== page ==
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CULTURE AND CHRISTIANITY       .      119

divine. The history of Christianity, of the
Church, is a divine-human process, and in it., as
in every life-process, there have been pathological
elements, elements of decadence. The postulate
of free will oflFers the possibility for the failure
of Christianity in history. Christianity is not
God, not Christ Himself, although God and
Christ are active in Christianity. Christianity is
human history, and in it are represented all the
contradictions "of human existence.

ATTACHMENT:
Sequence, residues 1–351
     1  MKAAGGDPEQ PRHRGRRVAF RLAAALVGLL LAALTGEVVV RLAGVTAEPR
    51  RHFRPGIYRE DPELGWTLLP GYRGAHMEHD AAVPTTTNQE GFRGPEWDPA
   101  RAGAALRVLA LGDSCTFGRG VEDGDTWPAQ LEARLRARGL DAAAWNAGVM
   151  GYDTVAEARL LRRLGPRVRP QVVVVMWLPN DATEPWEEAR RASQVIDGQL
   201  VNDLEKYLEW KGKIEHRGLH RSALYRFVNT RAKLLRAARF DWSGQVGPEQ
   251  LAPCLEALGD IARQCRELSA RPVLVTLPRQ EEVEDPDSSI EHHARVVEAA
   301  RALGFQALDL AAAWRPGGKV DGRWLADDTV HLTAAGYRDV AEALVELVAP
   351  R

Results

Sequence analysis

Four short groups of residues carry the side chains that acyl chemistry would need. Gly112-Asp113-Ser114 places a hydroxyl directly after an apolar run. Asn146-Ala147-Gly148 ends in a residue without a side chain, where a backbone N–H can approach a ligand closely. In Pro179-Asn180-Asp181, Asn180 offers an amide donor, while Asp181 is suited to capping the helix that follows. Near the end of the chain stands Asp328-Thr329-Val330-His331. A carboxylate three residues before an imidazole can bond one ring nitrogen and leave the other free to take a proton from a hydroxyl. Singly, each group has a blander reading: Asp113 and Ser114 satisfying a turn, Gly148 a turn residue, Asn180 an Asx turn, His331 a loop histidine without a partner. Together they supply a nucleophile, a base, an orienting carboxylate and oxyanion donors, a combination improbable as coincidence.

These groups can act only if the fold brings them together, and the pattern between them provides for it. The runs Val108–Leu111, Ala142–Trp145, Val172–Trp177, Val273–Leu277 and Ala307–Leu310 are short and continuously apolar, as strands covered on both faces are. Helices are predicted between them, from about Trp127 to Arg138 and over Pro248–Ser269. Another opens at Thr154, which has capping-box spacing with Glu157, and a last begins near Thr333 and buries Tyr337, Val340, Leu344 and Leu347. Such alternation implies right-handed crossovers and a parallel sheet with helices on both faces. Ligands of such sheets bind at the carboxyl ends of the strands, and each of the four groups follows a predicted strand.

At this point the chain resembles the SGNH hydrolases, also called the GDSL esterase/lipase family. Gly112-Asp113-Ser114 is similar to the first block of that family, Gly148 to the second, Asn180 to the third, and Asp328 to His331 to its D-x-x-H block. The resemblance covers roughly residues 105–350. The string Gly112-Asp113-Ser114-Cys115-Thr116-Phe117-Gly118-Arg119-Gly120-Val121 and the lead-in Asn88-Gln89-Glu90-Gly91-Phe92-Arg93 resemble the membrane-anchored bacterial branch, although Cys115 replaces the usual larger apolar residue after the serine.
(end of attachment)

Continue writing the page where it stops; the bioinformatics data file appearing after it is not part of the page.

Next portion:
Christianity, Christian humanity, has passed
through all sorts of the temptations of this world,
often disguised as holy things. A decadent
freedom, presenting itself as the true will of God,
has been at work in Christian history. The
judgment on Christianity is a judgment upon the
false theophanies, the false sanctification of the
natural and the historical. Too much of the
merely relative and unworthy has been declared
sacrosanct. The processes of sanctifying the
natural-historical, processes really social in their
origin, have gained final predominance over those
forces working for the transfiguration of life,
over the prophetic element in religion. And the
judgment on Christianity in history is always a
prophetic judgment: it demands an outbreaking
of the prophetic spirit directed toward the trans-
figuration, and not merely the sanctification, of
life- This judgment upon Christianity is a